PhD student Carolin Salmon on finding cancer biomarkers
Carolin Salmon started her Ph.D. at the University Clinic Essen, Germany in 2019. She works with ovarian cancer samples to understand how tumors evolve and respond to treatment at the single circulating cell resolution. She hopes this work will lead to the discovery of biomarkers that could help predict new treatment targets for personalized medicine.
After getting your Master's degree in Pharmacology at the University of Düsseldorf, what is it that got you interested in cancer research?
I’ve always been interested in cancer research - it’s a devastating disease that affects millions of lives. I’ve always wanted to do my part to understand the disease and develop treatments. I love that my current project is all about working in a real-life setting. I get to work with clinicians and see how patients are responding to treatments. I also feel lucky to be working directly with clinical samples; it really makes me appreciate the complexity of human biology - there are so many factors to consider, which I wouldn’t realize in any other setting.
That must come with its challenges.
Yeah, of course. I can’t afford to fail. When you recruit a patient at primary diagnosis, you want to follow them throughout their treatment. When you fail to detect CTCs at one time point due to your experimental setup, although you have follow-up data, you still have a missing data point. That’s challenging for me. I also collaborate with two different medical centers across Germany, collecting samples and teaching them how to use the method we developed in our lab.
I’m working on a project which was already running when I started, so I’m now trying to optimize established workflows with many steps. I’m also going to be working with huge sequencing datasets, so I need to get into bioinformatics - that’s a big thing that’s coming up for me. It’s my own project, so I want to do it right.
It’s a lot to take on. So how do you stay motivated?
I always thought it was a bit crazy when people say: “you know you’re doing the right job when you can’t wait to get out of bed in the morning”. But, for me, it really is the only way to be happy about work.
Don’t get me wrong, I have frustrating moments and bad weeks, but I want to see this project work and help patients. Getting a cancer diagnosis is devasting for everyone, especially if the diagnosis comes at a late stage. Thinking about this helps me focus on the bigger picture.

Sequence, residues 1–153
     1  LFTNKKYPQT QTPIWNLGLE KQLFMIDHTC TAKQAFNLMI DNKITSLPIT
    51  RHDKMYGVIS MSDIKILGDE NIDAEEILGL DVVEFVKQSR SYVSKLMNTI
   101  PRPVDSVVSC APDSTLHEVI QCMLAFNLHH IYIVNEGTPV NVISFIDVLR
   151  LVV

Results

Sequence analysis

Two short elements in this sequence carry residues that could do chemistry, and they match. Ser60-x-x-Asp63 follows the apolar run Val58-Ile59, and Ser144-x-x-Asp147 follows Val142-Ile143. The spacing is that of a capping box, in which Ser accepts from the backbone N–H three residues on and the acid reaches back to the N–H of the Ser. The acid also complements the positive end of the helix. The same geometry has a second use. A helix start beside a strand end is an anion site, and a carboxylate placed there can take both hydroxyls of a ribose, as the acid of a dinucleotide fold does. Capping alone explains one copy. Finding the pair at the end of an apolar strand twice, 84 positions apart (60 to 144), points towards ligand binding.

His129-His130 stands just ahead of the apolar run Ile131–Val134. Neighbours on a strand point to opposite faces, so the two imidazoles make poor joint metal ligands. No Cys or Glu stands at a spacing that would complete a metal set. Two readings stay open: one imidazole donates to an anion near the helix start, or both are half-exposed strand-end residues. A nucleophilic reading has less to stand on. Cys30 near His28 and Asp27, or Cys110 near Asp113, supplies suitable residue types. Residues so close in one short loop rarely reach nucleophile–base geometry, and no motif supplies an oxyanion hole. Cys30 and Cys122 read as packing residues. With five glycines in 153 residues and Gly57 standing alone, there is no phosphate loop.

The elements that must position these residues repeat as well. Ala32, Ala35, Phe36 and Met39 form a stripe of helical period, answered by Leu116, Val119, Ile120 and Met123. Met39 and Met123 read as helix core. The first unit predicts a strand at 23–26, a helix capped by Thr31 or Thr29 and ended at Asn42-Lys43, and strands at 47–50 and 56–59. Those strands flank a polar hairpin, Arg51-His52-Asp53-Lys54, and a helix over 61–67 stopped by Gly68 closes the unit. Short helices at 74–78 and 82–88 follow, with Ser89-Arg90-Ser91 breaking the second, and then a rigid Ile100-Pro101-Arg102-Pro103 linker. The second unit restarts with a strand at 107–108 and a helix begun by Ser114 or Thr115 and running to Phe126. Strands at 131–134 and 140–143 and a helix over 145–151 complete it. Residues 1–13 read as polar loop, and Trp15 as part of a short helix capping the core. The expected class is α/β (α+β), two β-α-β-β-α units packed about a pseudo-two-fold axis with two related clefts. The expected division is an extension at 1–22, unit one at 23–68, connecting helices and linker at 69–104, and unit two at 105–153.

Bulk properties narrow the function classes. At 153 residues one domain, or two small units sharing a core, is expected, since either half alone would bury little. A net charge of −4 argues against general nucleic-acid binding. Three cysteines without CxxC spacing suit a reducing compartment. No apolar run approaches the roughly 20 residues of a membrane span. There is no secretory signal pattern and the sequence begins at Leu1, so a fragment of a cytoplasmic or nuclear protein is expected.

And when an experiment fails, which happens a lot, I reassure myself that this is part of the research process – to “re-search” – to look again. You can’t always get it right the first time. For me, “bad” results are an opportunity to grow. You can’t do everything perfectly all the time – that’s not how research works.
I also have a lot of support from my supervisor. She’s always encouraged me to be open and talk to her about my challenges.
Do you also find time to relax?
Yeah, I love horse riding. I feel lucky to have this. It’s something I’ve been able to continue doing during the pandemic – fortunately horses need some movement and it’s an activity I can do outside. I’m also into running. I try to integrate some fitness into my day – mainly in the evenings – just to get my head straight again. Movement is a great way to relax. Ph.D. life is not just about sitting and thinking – it’s important to get out and do something different.
What’s in store for you in the next few weeks? We’d like to catch up with you again to see how you’re doing.
I learned very quickly as a Ph.D. student is that you don’t often count in weeks. I’m now having to think months in advance. Things take a while; it’s a learning process to know you won’t be able to get everything done by tomorrow. I’m also figuring out how to juggle lots of different tasks: coming up with ideas, writing, doing experiments, looking for patients to include in the study, collaborating, presenting… it can be difficult, even uncomfortable at times, but that’s how you grow, right?
My focus for the next months will be processing samples like crazy and analyzing my sequencing results. I’ve never worked with such large datasets before, so I’m keen to see what I can do with them. I’m also going to the ACCR meeting in April. I’m looking forward to seeing what others are doing and getting some inspiration. I’ll also be presenting a poster there, so I’m excited about that.
For anyone who’s thinking about doing a Ph.D., what’s your one bit of advice?
It’s difficult to pick one thing. I would say you’re on the right track if you want to work on challenging topics. If you like having the freedom to develop your own ideas and find ways to realize them. You must also be interested in your topic to do good work – ask yourself , would I still find this interesting in two years?”
I would also recommend getting some experience. As part of my studies, I had the chance to work in the pharmacy department at the University of Erlangen. I was lucky enough to have my own project for six months. It gave me a taster of what it would be like to do a Ph.D. My qualifications could have taken me in lots of different directions, so it was good for me to get my head around whether I wanted to do a Ph.D. or not. It’s also helpful to speak to people who’ve been through it. I’m grateful to have had colleagues who were very encouraging and supportive.
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